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2014 Perkin Medal awarded; and remembering a former editor

By Chemical Engineering |

In memory

It is with great sadness, that we learned of the passing of Jay Chowdhury, who was an editor with Chemical Engineering magazine for 20 years. Long-time readers of the magazine, and those that had the pleasure of knowing and working with Jay, will remember him as one of the kindest and wisest of human beings.
Gerald Ondrey
Senior Editor, Chemical Engineering

Founder of ‘green chemistry’ to receive 2014 Perkin Medal

The Society of Chemical Industry (SCI; London; www.soci.org) is presenting the 2014 Perkin Medal to John C. Warner, president and chief technology officer of the Warner Babcock Institute for Green Chemistry (Wilmington, Mass., www.warnerbabcock.com). The annual award recognizes outstanding work in applied chemistry in the U.S., and commemorates the discovery of the first synthetic dye by William Henry Perkin in 1856, who received the first Perkin Medal in 1906.

Warner holds a B.S. in chemistry from the University of Massachusetts at Boston and M.S. and Ph.D. degrees in organic chemistry from Princeton. After ten years with Polaroid Corp., Warner joined the University of Massachusetts at Boston, where he started a “green chemistry” doctoral program — said to be the first in the world. He went on to develop an efficient method of synthesis that requires fewer steps and generates less waste that is known as non-covalent derivatization (NCD) technology.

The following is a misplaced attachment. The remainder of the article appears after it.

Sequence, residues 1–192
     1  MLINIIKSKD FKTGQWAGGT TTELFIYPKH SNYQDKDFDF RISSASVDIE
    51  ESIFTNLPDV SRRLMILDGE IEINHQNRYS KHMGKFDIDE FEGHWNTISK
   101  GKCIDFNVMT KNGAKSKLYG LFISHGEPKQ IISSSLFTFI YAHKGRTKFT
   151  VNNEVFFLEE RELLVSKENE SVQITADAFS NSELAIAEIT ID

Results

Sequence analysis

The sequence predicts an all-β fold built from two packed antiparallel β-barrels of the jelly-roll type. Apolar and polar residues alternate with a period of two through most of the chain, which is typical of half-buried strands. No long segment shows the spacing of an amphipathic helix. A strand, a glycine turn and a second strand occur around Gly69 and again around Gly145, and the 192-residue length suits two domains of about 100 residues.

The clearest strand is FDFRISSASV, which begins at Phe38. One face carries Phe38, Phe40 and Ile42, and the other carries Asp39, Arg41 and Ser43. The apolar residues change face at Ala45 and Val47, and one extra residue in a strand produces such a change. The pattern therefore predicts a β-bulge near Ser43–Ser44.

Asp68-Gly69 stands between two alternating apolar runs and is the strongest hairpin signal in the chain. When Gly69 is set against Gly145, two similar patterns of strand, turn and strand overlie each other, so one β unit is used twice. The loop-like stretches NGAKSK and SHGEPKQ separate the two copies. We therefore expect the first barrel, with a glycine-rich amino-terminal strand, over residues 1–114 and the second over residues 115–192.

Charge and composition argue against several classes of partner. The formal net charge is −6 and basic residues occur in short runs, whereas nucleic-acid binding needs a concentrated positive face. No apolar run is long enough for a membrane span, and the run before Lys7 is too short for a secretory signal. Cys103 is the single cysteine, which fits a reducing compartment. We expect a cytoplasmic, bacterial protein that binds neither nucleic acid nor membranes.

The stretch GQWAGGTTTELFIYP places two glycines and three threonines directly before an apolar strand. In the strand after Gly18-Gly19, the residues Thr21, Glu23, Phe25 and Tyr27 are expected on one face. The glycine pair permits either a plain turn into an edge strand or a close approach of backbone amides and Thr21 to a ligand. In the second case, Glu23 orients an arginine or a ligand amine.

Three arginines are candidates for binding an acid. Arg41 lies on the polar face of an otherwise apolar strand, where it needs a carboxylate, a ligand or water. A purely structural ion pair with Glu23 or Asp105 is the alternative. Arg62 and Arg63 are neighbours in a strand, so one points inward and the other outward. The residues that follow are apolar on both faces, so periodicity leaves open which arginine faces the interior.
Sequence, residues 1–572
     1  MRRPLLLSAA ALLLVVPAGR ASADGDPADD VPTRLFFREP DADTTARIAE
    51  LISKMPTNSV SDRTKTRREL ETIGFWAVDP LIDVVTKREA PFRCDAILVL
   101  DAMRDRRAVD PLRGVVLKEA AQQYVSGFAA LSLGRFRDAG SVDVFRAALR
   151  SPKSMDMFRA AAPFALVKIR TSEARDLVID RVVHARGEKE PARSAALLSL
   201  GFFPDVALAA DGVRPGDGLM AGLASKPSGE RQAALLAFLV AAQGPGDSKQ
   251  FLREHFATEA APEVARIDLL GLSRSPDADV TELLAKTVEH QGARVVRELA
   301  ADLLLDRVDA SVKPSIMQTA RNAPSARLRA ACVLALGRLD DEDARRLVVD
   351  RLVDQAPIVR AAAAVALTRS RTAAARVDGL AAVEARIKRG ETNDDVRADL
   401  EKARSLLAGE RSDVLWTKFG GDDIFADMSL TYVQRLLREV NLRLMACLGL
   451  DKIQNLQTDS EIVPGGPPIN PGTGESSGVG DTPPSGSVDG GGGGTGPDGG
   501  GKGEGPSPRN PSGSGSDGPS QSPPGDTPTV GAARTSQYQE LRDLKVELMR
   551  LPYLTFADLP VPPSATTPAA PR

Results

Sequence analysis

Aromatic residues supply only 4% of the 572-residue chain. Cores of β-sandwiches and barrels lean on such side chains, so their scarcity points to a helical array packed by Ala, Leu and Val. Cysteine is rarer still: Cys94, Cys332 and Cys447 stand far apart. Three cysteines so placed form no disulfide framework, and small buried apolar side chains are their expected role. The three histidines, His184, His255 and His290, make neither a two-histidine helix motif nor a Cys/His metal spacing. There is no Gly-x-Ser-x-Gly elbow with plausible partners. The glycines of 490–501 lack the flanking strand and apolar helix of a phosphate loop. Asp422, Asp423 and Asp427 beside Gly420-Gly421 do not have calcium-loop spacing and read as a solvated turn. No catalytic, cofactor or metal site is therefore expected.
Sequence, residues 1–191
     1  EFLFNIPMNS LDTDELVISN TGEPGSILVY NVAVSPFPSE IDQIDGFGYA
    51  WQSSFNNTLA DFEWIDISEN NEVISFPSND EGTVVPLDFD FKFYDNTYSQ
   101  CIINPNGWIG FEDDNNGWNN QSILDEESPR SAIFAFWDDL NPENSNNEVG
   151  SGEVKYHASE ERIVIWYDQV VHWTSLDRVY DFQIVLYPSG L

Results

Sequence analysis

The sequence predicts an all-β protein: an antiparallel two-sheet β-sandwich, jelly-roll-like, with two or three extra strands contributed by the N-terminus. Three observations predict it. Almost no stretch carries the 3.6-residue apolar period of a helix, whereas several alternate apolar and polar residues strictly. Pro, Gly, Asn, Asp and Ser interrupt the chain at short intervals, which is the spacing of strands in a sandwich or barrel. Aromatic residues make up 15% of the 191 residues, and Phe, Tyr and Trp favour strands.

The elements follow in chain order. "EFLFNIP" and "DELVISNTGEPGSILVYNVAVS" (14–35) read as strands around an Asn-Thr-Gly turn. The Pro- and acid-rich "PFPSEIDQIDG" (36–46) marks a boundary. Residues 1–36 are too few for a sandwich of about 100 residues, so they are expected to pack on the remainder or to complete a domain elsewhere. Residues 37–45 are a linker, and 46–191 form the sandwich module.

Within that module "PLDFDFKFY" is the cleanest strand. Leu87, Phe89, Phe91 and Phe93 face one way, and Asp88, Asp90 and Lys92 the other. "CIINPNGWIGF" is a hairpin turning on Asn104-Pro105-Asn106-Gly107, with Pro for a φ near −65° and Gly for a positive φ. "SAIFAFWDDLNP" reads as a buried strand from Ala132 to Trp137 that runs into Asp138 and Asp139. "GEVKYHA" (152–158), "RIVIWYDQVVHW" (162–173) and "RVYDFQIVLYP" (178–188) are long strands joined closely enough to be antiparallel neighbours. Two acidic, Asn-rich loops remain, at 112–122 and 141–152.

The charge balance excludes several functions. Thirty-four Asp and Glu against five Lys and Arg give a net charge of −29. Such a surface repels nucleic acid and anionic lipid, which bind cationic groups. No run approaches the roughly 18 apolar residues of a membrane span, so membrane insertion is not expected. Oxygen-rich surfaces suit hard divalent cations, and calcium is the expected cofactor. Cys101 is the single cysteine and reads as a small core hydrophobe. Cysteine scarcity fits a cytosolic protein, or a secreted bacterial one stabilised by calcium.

In 2004, Warner received the U.S. Presidential Award for Excellence in Science, Mathematics and Engineering Mentorship.

In 2007, Warner and Jim Babcock founded the Warner Babcock Institute for Green Chemistry, with a goal to create commercial technologies of superior performance that are also environmentally friendly.

The award is being presented at a dinner in Warner’s honor in Philadelphia on September 16.

Postscripts, corrections

July 2014, “Finding the Balance in Packaging,” p. 27. In the last paragraph on this page, a resin is incorrectly identified as Elite EPE. The correct name is Elite AT, and the sentence should read: As an example, for liquid, dry and frozen foods, Elite AT resins help reduce package thickness by up to 25% without sacrificing toughness or machinability.

August 2014, Who’s Who, p. 70. The name of the company affiliation for Thomas Bartolomei was incorrectly stated as NAEL Corp. The correct name is NAES Corp.

August 2014, “Software for the Human Element,” p. 25. The name Steve Elliott from Ventyx was misspelled as Elliot. The correct spelling is Elliott.

The corrected versions for the above full articles can be found at www.chemengonline.com.

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